The theme seeks to support environmental stewardship through research and the development and verification of best management practices. Research goals include:

  • Understanding the potential risks and benefits of industry to soil, water, air and biodiversity
  • Providing science to develop credible, evidence-based government policies, programs and initiatives
  • Assessing the effect of environmental policies on the agri-environment, agri-food sector economics and rural society.
  • Identifying opportunities for agriculture, food and bioproducts sectors, and rural communities to provide solutions for environmental challenges.

The Food for Health research theme focuses on supporting improved human health through innovative agri-food products and increasing the competitiveness of Ontario’s agriculture and food sectors.

Research into food-related subjects plays an important role in improving the health of Ontarians, reducing health care costs associated with diet, and improving market opportunities for Ontario growers, manufacturers and related businesses.

Research in this area is diverse, but always connects agriculture and human health. Projects supported range from assessing bioactives in agricultural and agri-food products to developing new products and researching consumer acceptance of them.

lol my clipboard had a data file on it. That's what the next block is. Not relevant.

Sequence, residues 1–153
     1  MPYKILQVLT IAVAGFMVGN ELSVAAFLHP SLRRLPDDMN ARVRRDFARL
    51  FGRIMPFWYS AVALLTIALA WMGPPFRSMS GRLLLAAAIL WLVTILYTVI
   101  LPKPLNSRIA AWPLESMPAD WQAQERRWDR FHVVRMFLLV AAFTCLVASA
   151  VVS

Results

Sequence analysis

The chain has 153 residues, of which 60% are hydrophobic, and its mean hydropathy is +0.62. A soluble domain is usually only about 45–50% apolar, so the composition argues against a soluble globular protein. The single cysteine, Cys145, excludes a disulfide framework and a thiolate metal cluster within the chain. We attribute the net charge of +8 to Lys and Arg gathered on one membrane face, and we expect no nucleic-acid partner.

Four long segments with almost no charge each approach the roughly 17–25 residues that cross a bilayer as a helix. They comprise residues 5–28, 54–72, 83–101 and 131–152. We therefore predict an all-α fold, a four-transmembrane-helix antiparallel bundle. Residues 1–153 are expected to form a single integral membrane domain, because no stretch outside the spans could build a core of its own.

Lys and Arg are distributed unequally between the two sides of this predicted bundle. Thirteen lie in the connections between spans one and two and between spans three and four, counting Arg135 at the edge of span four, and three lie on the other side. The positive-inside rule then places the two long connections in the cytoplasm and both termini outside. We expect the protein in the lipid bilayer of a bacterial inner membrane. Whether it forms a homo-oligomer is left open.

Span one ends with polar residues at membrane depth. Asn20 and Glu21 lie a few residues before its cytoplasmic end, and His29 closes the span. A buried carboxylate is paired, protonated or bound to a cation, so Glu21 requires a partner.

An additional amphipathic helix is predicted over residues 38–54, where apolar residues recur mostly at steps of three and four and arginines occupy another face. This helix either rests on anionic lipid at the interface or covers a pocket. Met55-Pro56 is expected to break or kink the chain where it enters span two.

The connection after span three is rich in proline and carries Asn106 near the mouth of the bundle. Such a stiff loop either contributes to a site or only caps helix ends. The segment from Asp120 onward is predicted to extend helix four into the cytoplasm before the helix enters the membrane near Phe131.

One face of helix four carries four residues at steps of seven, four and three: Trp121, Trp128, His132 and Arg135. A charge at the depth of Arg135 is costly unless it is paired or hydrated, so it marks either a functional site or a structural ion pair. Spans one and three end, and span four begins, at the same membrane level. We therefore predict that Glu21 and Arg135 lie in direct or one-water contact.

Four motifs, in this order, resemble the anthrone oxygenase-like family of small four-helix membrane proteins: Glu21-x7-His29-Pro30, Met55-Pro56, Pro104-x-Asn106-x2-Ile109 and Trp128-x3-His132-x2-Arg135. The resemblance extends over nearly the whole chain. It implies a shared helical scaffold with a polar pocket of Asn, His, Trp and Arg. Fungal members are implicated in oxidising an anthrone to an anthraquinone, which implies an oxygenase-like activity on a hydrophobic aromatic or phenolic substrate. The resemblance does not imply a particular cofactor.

This research theme focuses on the development of products and value chains that anticipate market opportunities for Ontario’s agri-food and rural sectors to create a resilient economy and encourage innovation.

New products and value chains face challenges during the start-up phase. Previously developed products and value chains have difficulties at the scale-up phase. This theme works to address both of these issues.

Products may include products, services or technologies that solve a problem or create value through either the market or a non-market form of exchange, including organizational processes. Value chains are strategic partnerships among interdependent businesses that collaborate to create value resulting in improved competitive advantage for all partners.

The Production Systems theme encompasses the development of agricultural production systems that enhance profitability. The two main areas of focus are: Animals and Plants.

Production Systems - Animals

Key research areas related to animal production systems include: animal health and welfare, production efficiency, environmental/ecosystem impact, product quality improvement as well as genetic and reproductive technologies.

Production Systems - Plants

Key research areas related to plant production systems include: plant protection, production efficiency, environmental/ecosystem impact, product quality improvement, product diversification, and genetic technologies. In addition, research projects must relate to one of three sectors: edible horticulture, ornamental horticulture, or field crops.

Research related to crop protection (e.g. pest and weed control in field crops) remains a mainstay in this research theme.

OMAFRA partners, including Vineland Research and Innovation Centre, Ontario Fruit and Vegetable Growers’ Association, and Grain Farmers of Ontario, play a central role in establishing research priorities.